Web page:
IB FX View
Dollar rebound fades after consumer expectations surge
Tuesday May 26, 2009
Technically speaking, any investor looking for a safe haven in light of the two short-range missiles let loose off the eastern coast of North Korea over the weekend, could have bought the European Union’s single euro currency. That should have been the obvious first choice in light of last week’s reversal in fortune for the dollar as the market pondered the prospect of the loss of America’s AAA country rating. The fact that one ratings agency removed its ‘stable’ outlook on the U.K. set off firewall defenses against the dollar given the outright value of assets on the table in the event of a similar plight for the U.S.
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However, a further explosive warning this time from the German financial regulator over the health of the German banking system helped withdraw some of that safe haven status for the euro. BaFin president, Jochen Sanio warned that the failure of Germany’s banks to adhere to the government’s plans to help prepare them for the next wave of the credit crisis could see their debts blow up “like a grenade.” The dollar index has rebounded sharply this morning while the euro has lost last week’s appeal and is now back at $1.3920. Meanwhile further evidence of weakness in its industrial sector, which has now contracted for eight straight months, has seen the pound strengthen leaving one euro buying 87.75 pence.
So the week begins with another slice of risk aversion and apparently the subject is once again back on the table. Last week the S&P 500 index failed to rise above the early May high and has subsequently rolled over. A lower close today would be the fifth straight weaker session as investors rethink the rationale for the rebound. Commodity prices are giving back some of their recent gains and we keep hearing that crude oil is down again. But the reality remains that each pull back seems pretty small in comparison to the big picture rally on the chart.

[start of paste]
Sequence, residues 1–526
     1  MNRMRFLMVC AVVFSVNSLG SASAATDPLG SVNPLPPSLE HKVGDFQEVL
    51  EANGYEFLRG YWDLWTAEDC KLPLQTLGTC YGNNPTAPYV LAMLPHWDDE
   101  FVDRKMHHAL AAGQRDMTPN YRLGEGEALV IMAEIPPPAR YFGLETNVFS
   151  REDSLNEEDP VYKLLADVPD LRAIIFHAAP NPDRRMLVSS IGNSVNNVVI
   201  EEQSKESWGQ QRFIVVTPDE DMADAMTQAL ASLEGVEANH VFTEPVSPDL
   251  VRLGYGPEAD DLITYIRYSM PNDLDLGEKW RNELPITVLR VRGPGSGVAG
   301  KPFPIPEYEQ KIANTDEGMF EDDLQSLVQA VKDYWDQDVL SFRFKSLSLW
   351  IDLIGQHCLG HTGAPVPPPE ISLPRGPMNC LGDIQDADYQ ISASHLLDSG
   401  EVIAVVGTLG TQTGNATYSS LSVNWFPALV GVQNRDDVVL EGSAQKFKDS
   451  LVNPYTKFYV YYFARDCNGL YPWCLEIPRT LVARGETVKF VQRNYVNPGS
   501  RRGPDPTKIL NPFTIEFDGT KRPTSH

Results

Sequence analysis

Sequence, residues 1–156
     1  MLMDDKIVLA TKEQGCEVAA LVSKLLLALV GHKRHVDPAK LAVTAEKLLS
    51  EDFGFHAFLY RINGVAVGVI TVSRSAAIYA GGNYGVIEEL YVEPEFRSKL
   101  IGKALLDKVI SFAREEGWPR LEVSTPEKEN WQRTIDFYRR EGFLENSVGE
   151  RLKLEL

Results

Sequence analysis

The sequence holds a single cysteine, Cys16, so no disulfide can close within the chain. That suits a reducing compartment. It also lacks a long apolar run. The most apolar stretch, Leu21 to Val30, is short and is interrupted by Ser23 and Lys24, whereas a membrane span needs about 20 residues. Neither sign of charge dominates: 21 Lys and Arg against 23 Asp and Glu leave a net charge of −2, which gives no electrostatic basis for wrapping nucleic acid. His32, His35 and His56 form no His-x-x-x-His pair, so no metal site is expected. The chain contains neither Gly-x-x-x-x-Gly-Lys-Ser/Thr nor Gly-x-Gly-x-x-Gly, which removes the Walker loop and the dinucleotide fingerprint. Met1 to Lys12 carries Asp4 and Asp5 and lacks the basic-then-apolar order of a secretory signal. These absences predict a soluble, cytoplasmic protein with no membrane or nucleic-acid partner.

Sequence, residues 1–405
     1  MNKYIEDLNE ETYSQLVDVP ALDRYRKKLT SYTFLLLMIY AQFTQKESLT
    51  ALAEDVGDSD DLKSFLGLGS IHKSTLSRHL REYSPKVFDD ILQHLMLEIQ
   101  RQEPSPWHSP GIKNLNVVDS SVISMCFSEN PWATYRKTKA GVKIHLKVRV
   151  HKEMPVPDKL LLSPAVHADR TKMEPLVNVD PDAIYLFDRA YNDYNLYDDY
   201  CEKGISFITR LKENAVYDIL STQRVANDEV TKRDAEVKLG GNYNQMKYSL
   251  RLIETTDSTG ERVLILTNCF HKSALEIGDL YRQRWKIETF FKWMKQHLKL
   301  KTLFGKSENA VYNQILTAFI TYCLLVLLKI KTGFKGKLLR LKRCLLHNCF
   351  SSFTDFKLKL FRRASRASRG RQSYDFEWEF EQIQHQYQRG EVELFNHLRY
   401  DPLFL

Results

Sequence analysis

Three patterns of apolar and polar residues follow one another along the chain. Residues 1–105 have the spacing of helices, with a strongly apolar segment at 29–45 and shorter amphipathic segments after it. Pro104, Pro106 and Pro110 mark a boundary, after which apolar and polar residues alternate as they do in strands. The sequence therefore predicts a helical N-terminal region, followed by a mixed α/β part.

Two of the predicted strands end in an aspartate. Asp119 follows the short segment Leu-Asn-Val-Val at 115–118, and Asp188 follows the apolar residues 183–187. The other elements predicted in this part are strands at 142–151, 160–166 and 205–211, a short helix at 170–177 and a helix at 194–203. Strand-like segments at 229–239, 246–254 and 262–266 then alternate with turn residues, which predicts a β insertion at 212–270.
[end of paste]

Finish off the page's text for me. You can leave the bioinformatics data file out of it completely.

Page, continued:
The Aussie and the Canadian are both lower in early Tuesday trade, but we remain to be convinced that investors are waiting in the wings making light of so-called heightened political tensions due to North Korea’s nuclear ambitions or the threat from the H1N1 virus. Yet, a build in demand for goods and services across the Asian region will see the Aussie especially likely shrug-off risk aversion woes.
Meanwhile the U.S. markets seem to have taken a quick shot in the arm this morning following two pieces of news. The Case/Shiller housing data was slightly worse than expected indicating that prices across 20 major metropolitan cities fell by more than 19% during the last year. It does seem to be the case that in terms of investors’ expectations at least there appears to be a sense of comprehension that a bottoming process might not necessarily precede a rebound for home prices. In that sense it would appear to be a case of being grateful for small mercies.
But today’s confidence data catches our eye too. The headline number for May jumped from April’s revised higher reading of 40.8 to 54.9. The report is split into two main sections – the present reading of circumstance improved marginally while the six-month outlook was the big jumper rebounding from 51 to 72.3. That appears to have stoked the fire beneath equity prices turning a sea of red into a sea of green.
One caveat that we feel compelled to mention is that the recent rally itself was built upon the theory of the ever-smaller contraction in the economy. The equity market recovered during the last 10 weeks because investors persuaded themselves that the economic rout has passed its nadir. Simply put, the rally has shaky foundations but its impact has created an improved sense of well being. Those hopes could be easily dashed as we have seen in more recent data.
Senior Market Analyst email@example.com
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